Georgi Boev, a French horn player, was used to being the loudest sound in the orchestra pit. That was, until he joined Shen Yun Symphony Orchestra and heard the “suona.”
The suona is a powerful woodwind instrument with a sound that’s akin to a cawing bird. It can imitate human speech, laughter, and various animal noises, and is usually played to express a festive or comical moment. It is also very, very loud.
“I just follow the suona. Can’t do anything about it,” Boev said genially.
Since joining Shen Yun Orchestra in 2013, Boev has enjoyed new and innovative musical experiences—such as hearing the triumphant sound of the horn harmonize with elegant Chinese melodies.
“There’s never a dull moment,” he said.
The Shen Yun Orchestra is the live orchestra that accompanies Shen Yun Performing Arts, a New York-based classical Chinese dance company that performs at top venues such as the Kennedy Center in Washington and the London Coliseum.
Its orchestra is unlike any other because it comprises both Eastern and Western instruments.
When Western Grandeur Meets Eastern Elegance
As Western instruments such as the timpani, trumpet, and violin provide the harmony and grandeur of a traditional symphonic orchestra, the Eastern instruments play exquisitely Chinese melodies.
The “pipa,” a plucked instrument also known as the Chinese lute, is among the Chinese instruments that play melodic solos in Shen Yun Orchestra.
According to traditional Chinese beliefs, the pipa’s dimensions are meant to reflect the structure of the universe. The instrument’s body—which is 3 feet and 5 inches—represents the triad of heaven, earth, and humans, and the five elements of metal, wood, water, fire, and earth. Its four strings symbolize the seasons.
When struck, the “qing” (also known as a chime bowl) creates a sacred ringing sound that reverberates throughout the theater.
The “erhu,” sometimes called the Chinese violin, plays strikingly elegant melodies and harmonizes well with the oboe.
The combination of such Eastern and Western instruments creates a rare sound that is both regal and delicate at once.
“It’s never been done before, so the theater is always full,” Boev said.
Finding His Passion for Music and Life
Boev said he never truly worked hard before coming to Shen Yun because he never had to. He had always been musically inclined.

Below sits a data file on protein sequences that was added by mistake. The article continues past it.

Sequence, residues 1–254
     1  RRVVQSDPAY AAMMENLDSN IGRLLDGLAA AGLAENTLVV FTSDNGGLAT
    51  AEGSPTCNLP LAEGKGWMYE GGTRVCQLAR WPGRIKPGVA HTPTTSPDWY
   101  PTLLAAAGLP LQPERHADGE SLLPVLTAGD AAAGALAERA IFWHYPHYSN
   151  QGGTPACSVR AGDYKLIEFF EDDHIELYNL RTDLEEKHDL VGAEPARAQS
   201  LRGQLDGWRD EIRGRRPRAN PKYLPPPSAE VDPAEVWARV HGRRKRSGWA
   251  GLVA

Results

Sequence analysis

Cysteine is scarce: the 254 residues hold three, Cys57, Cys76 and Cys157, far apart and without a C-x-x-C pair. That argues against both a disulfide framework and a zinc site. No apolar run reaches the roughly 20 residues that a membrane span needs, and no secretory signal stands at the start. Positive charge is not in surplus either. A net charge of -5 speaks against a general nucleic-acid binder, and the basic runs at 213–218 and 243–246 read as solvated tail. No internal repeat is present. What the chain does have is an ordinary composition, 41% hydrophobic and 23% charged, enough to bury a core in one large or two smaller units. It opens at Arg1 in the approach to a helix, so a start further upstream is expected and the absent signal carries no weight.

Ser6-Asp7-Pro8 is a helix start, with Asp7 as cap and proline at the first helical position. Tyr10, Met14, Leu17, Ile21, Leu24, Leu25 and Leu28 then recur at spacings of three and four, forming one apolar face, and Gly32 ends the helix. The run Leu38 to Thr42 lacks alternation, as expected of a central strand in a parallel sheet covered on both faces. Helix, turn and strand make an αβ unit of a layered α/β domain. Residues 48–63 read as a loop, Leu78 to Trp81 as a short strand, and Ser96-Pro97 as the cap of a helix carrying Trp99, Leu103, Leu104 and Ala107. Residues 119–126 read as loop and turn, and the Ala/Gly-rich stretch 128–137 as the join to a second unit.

He received a full scholarship for his bachelor’s studies in solo performance at the Royal Northern College of Music in Manchester, England, and additional scholarships for his master’s in orchestral performance at the same conservatory.
Boev has performed with orchestras such as Northern Ballet in Leeds, the BBC Philharmonic, and the Hallé Orchestra in Manchester. He even co-founded Northern Brass, an award-winning brass quintet.
But he wasn’t truly happy, nor did he love music. “Music was something that I was good at, and it paid the bills,” he said.
It wasn’t until he became a Falun Dafa practitioner that he found his passion for the horn, he said.
Falun Dafa is a spiritual meditation practice based on truthfulness, compassion, and tolerance.
By applying those principles to his daily life, he has felt inspired to endure long hours of practice in order to reach his maximum musical potential.
He also said Falun Dafa has taught him to be less selfish, which in turn made him a better performer.
“I used to be very proud of being the loudest, regardless if I played well or not. I enjoyed that power,” he said, adding that it was selfish and not considerate of the harmony of the orchestra or ensemble.
Since he started applying truthfulness, compassion, and tolerance to his life, he has stopped competing with his colleagues. “Now that I’m not focused on competing, I can concentrate on the music … This has given me a new meaning to life. I feel happier.”
During the 2016 season, Shen Yun will make stops in over 100 cities worldwide. For more information about Shen Yun, visit ShenYunPerformingArts.org